2010 Annual Report
1a.Objectives (from AD-416)
1) Identify environmental influences and management practices that contribute to the colonization of food-borne pathogens in pre-harvest poultry.
2) Identify environmental influences and factors that contribute to necrotic enteritis (NE) including: Clostridium spp. and parasites (Eimeria) that contribute to the onset of disease.
3) Identify prebiotics and symbiotics (lactose, cottonseed, etc.) that can be utilized as pre-harvest intervention strategies, and determine how chlorate and feed additives such as alfalfa control poultry enteropathogen colonization.
4) Identify environmental or management practices that contribute to antibiotic resistance acquisition and dissemination among and between the various pathogenic and commensal microorganisms found in commercial poultry.
5) Characterize the complex interactions between the innate immune and endocrine systems and develop a more fundamental understanding of the role of gastrointestinal endocrinology on the microbial ecology of the gut of food-producing animals.
1b.Approach (from AD-416)
1) Using a newly constructed (i.e., naive) commercial broiler production facility, we will follow bacterial, viral, protozoan, and fungal movement within the facility from prior to the first placement of birds through several successive production cycles. The movement of these organisms within the environment will be mapped using genetic identification and traditional culture methods.
2) Using a necrotic enteritis (NE) in vivo model developed in our laboratory and a primary cell culture model, we will investigate the interactions of Clostridium with other bacterial populations within the gastrointestinal tract of broilers and the development of NE. We will evaluate these bacterial populations using molecular-based techniques (DGGE, PFGE) in order to determine the dynamics between commensal gut bacterial populations and Clostridium. Additionally, we will examine the toxins produced by Clostridium using tissue culture techniques and Multiplex Polymerase Chain Reactions (PCR).
3) The efficacy of lactose, cottonseed and similar prebiotics and symbiotics will be evaluated under commercial conditions for their ability to reduce food-borne pathogens in poultry. Practical feeding trials will be performed to ascertain the ability of chlorate and alfalfa as alternatives to traditional antimicrobials, and the mode of action of these compounds will be determined. We will also study different quorum sensing autoinducers to determine the effects of biological and synthetic bacterial autoinducer inhibitors on poultry enteropathogens.
4) Utilizing an in vitro bacterial conjugation assay, we will identify flavophospholipol-like compounds (flavophospholipol has been shown to reduce horizontal gene transfer between Enterococci in vitro), that inhibit bacterial conjugation and resistance gene acquisition among gut bacteria.
5) We will characterize specific interactions between the immune and endocrine systems that influence enteropathogen colonization in the gastrointestinal tract of poultry. Microarrays will be utilized to assess fluctuations in key avian hormones that correspond to cytokine expression.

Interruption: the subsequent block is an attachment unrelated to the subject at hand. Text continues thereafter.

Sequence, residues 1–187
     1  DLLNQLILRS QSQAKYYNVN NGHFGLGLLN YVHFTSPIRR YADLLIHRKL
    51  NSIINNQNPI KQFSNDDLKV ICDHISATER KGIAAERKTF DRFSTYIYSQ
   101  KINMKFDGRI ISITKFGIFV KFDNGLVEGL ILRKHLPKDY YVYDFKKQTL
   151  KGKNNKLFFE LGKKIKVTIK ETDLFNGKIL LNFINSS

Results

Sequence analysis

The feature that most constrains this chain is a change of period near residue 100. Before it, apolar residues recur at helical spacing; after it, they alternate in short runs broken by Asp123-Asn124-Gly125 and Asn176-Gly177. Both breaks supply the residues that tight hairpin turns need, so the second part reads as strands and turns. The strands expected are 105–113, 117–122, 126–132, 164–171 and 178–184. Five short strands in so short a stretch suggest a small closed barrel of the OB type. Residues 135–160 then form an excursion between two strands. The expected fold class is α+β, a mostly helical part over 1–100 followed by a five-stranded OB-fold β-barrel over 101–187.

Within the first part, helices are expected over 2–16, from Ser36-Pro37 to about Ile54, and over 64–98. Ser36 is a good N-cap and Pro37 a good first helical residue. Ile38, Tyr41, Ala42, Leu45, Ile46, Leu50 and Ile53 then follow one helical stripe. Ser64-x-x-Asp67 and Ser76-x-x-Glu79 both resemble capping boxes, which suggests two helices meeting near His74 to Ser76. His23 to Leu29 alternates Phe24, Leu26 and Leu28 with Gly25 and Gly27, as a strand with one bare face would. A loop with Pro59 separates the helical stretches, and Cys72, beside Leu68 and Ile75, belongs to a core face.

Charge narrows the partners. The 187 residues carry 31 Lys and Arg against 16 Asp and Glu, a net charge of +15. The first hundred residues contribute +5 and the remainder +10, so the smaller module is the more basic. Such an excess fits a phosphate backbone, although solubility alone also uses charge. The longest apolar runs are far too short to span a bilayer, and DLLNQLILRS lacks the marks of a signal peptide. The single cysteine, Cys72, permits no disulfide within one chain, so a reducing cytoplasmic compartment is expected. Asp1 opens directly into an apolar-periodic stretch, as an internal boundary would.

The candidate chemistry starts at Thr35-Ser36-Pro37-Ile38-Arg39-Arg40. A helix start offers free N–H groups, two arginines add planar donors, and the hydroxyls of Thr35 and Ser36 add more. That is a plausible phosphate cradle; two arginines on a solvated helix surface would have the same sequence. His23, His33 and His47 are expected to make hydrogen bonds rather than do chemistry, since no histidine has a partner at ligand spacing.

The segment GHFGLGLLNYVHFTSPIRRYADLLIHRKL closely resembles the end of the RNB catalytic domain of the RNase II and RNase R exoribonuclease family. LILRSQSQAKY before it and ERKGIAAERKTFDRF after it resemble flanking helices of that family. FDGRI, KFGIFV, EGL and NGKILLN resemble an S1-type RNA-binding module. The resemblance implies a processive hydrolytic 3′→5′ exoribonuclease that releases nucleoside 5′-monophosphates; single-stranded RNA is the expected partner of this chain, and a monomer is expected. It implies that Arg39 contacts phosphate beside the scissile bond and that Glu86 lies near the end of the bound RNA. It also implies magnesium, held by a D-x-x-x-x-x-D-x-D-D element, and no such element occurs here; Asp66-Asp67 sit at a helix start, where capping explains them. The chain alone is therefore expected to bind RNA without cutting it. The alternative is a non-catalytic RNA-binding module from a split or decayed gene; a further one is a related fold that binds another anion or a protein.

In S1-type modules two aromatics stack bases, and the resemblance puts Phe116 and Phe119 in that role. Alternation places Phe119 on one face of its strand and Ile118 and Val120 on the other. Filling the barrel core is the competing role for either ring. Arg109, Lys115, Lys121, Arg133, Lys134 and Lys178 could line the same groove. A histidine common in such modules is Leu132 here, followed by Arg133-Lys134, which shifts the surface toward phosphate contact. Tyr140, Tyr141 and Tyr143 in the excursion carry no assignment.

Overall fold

In FY 2010, we conducted monitoring studies of a new commercial poultry facility after completion of 10 broiler poultry rearing cycles, including a facility disinfection and new litter placement. Extensive analyses of fungal and environmental samples for pathogenic bacteria are underway; the data will result in a better understanding of the evolution of the poultry environment in commercial production facilities. Project scientists also evaluated a probiotic (mixture of beneficial microorganisms) administered to growing birds and that was combined with disinfection programs to establish if these approaches reduced Clostridium (a pathogenic bacterium) in laying hens and broilers. Data analysis to date indicates that the treatment had a positive effect in minimizing bird infection by Clostridium; the work is providing a better understanding of how to reduce disease in growing birds. To better understand the relationship between fungi and foodborne pathogens, project scientists used a modern molecular biology technique known as rep-PCR to identify fungi recovered from commercial poultry operations. Results from this work will allow the rapid identification of fungi and will lead to the development of assays to select fungi that have antibacterial activity against foodborne pathogens. In other work, we used molecular biology techniques to assess the impact of Salmonella on the endocrine system of poultry; the work identified several factors that are likely involved in bird/Salmonella interactions; ongoing work is focusing on the exact nature and importance of these interactions. In Salmonella and Clostridium vaccine research, we defined optimum parameters for making the bacteria non-infective while maintaining the ability to stimulate a strong antibody response when injected into fertilized eggs that were subsequently incubated and hatched. These results are very supportive of ongoing work to develop safer and more effective products for reducing pathogens in poultry and poultry products and which in turn will minimize incidences of food poisoning in U.S. consumers. Work under this project has made significant advances in understanding the ecology and management practices that impact on poultry health and food safety issues. Project work has made major strides in identifying dietary additives that can reduce the spread of foodborne pathogens in poultry products that ultimately reach the consumer. Scientific information developed by project scientists allow us to better understand the changes that occur within microbial populations that are associated with commercial rearing of poultry, and are very supportive of our ongoing work to develop new technology and protocols that will be practical for use in poultry production to improve the microbiological safety of the U.S. poultry and egg supply.